This branch advocated for a Jewish homeland to be found wherever there was space in the world rather than either displace or have to move in with the current population of Palestine. Places like America, East Africa, and Australia were suggested. Despite their best efforts, however, ITO never found a fully suitable place and did not gain much traction, eventually dissolving in 1925.
Zangwill eventually seemed to regret his decision to split from the mainstream Palestine idea, claiming the Arabian population was ‘at best an Arab encampment’ in 1921. He died in 1926 in West Sussex.
A brief exploration of Sussex Jewish political involvement:
Civic and political roles
- Alderman Barnett Marks, JP, first Jewish mayor of Brighton, a member of conscription tribunal, war pension & other committees
- Alderman Daniel Meyer, four-time mayor of Bexhill
- Leonard Messel – High Sheriff
- Alfred Mond, (father of Eva Mond Isaacs), government minister
- Francis Montefiore – High Sheriff
Opposition to the war and ideas for future peace
- Siegfried Sassoon published a protest against the war in 1917
- Leonard Woolf who contributed to the foundation of the League of Nations
Campaigners and Supporters of Women’s Suffrage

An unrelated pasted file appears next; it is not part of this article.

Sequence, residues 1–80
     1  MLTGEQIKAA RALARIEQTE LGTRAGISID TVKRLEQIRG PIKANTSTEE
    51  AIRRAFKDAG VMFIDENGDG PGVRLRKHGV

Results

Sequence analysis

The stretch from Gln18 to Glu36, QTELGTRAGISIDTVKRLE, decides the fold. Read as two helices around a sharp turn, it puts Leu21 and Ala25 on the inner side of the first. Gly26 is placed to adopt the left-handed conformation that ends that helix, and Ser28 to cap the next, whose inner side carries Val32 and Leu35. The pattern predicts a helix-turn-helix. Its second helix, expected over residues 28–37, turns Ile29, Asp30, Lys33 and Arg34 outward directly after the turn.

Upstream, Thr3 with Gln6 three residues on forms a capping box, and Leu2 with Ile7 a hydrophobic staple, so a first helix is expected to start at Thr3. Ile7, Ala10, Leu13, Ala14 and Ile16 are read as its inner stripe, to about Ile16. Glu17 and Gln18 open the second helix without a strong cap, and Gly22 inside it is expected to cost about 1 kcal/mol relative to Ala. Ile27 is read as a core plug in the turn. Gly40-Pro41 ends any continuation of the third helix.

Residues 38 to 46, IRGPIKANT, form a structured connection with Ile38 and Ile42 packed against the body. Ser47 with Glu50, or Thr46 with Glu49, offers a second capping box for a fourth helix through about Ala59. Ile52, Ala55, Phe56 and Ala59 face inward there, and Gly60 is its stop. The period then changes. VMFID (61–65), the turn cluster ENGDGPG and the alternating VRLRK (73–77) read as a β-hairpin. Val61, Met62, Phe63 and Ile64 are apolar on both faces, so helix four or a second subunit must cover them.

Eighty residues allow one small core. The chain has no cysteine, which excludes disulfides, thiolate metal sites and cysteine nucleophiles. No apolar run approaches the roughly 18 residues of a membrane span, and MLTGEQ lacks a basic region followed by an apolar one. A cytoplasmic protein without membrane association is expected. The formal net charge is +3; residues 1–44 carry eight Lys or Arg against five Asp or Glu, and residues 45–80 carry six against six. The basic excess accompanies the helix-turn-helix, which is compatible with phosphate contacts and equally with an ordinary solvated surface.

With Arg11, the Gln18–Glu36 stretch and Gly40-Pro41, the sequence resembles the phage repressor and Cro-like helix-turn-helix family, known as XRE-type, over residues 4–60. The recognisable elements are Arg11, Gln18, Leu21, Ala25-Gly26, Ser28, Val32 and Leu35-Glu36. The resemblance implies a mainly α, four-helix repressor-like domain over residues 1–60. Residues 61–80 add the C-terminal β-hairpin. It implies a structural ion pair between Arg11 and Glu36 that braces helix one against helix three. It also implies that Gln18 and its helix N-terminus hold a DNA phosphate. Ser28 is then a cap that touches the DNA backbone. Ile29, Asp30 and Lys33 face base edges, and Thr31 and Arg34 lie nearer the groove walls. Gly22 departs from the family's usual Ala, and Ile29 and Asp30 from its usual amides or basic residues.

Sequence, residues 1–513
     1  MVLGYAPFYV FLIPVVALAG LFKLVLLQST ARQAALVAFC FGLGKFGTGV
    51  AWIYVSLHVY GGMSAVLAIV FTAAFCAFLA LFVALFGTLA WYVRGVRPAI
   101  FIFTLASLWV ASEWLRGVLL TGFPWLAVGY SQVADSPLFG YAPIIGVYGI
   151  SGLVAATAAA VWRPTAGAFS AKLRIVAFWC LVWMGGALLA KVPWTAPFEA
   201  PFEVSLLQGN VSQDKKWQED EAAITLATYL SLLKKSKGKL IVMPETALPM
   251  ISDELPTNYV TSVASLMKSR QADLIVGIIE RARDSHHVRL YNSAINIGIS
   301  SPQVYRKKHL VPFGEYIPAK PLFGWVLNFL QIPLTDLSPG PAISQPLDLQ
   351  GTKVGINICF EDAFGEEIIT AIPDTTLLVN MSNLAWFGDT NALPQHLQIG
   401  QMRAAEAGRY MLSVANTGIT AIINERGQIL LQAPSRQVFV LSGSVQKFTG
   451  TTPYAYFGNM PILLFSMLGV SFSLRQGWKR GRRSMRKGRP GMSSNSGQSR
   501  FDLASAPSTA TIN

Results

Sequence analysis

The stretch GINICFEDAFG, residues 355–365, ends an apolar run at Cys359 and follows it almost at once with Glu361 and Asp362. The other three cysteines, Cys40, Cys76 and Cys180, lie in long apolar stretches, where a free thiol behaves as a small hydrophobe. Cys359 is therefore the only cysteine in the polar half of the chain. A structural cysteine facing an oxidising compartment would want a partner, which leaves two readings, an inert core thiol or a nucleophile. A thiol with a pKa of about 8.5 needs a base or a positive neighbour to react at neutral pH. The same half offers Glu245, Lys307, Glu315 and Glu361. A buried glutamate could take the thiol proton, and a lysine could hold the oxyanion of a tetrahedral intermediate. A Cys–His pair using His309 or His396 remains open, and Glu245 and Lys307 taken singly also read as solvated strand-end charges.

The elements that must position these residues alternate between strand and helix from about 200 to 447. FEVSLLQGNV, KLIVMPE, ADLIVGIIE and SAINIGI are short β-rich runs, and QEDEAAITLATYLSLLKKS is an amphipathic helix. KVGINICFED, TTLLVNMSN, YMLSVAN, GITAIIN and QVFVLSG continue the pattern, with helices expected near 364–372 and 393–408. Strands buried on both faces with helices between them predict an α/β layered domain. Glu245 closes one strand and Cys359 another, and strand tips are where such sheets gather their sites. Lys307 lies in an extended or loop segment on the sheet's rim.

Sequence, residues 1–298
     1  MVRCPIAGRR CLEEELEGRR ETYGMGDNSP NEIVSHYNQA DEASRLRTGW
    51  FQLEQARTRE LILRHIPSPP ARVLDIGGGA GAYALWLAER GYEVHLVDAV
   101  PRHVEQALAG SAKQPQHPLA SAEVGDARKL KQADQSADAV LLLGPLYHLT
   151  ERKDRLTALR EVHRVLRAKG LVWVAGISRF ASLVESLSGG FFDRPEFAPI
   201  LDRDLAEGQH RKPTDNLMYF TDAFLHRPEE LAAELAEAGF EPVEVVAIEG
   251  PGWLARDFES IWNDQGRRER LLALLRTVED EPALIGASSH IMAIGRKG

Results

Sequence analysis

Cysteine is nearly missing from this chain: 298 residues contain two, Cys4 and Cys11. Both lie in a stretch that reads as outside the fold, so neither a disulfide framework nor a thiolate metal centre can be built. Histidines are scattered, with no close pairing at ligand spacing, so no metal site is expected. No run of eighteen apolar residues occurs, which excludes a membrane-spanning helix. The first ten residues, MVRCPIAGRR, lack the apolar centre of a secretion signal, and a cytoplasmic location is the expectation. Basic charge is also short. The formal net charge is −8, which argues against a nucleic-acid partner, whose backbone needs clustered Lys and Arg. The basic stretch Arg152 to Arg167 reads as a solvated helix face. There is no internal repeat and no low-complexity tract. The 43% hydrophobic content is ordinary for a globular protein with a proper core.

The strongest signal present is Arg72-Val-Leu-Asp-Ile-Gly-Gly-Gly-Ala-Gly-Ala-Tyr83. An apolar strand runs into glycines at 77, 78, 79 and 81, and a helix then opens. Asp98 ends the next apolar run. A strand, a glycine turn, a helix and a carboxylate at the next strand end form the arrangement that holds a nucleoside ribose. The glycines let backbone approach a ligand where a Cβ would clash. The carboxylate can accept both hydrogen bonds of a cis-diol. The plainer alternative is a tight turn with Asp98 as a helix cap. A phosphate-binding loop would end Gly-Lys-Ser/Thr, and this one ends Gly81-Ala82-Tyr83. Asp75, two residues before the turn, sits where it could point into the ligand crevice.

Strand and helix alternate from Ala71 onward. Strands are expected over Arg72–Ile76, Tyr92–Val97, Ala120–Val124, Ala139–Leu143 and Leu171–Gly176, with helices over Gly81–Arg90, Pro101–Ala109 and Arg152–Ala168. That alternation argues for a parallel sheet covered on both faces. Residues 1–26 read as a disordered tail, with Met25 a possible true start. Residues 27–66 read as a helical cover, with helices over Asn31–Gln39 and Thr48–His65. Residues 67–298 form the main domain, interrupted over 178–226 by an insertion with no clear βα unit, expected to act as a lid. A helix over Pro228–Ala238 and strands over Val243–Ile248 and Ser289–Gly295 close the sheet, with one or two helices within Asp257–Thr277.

• Barbara Ayrton-Gould (1886–1950) – Labour politician and co-founder of the United Suffragists; jailed for her suffrage activities, daughter of Edith Zangwill.
• Kate (Katherine Sophia) Birnstingl (1857-1947), Hampshire WPSU organiser, donated books to Brighton suffragettes in 1913, who lived in Hove 1924-5. Her sister, Edith Birnstingl, was also an active suffragette and they were both friends with Zangwills.
• Dora Montefiore was educated at home and in Brighton (1851–1934) and involved with sufrragism
• Leonard & Virginia Woolf, who lived at Beddingham and also Rodmell in East Sussex and London
• Edith & Israel Zangwill, East Preston, WSPU, JWLS & United Suffragists. Edith’s step-mother was the pro-suffragist, Hertha Ayrton.
- 1914 – A Suffragette offered a prayer at the end of the service at Brighton Synagogue “May God forgive King George of England and the Tsar of Russia for the torture practised on their women subjects in and out of prison.”
- 1917 – At Brighton & Hove Hebrew Synagogue women seat holders were given the right to vote for, and be elected as, members of the Board of Management. This was described in the Jewish Chronicle as a momentous step, the first by an orthodox synagogue
Better conditions of Women & Children
- Eva Mond Isaacs (pro women’s rights, but not a suffrage campaigner), Thakenham & Mayfield. She teased her father’s friend, Lloyd George, by dressing up as a suffragette.
Activists in favour of a Jewish homeland or Zionists
- Alfred Mond, his daughter Eva Mond Isaacs & her husband Gerald Isaacs
- Israel & Edith Zangwill – ‘territorialists’ in favour of Jewish settlement outside of Palestine
Sources: Michael Crook’s JHSE talk, November 1918, Elizabeth Crawford (5-7): The Women’s Suffrage Movement in Britain and Ireland: A Regional Survey.
- (Jews in the First World War article in Articles for Context, Shalom Sussex)
- Edward Madigan and Gideon Reuveni, eds., The Jewish Experience of the First World War (United Kingdom: Palgrave Macmillan, 2019)